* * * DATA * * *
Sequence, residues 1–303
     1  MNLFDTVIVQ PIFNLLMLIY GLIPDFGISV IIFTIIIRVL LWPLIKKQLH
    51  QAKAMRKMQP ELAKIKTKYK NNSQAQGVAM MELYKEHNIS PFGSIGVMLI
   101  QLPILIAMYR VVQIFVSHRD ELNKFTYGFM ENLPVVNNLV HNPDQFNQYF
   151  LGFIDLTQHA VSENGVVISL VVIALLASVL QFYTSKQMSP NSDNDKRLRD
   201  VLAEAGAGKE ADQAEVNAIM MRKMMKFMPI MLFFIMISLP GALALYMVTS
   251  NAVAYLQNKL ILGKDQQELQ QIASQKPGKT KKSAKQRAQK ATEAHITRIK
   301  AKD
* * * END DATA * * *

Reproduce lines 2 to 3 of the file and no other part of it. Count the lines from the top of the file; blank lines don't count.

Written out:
     1  MNLFDTVIVQ PIFNLLMLIY GLIPDFGISV IIFTIIIRVL LWPLIKKQLH
    51  QAKAMRKMQP ELAKIKTKYK NNSQAQGVAM MELYKEHNIS PFGSIGVMLI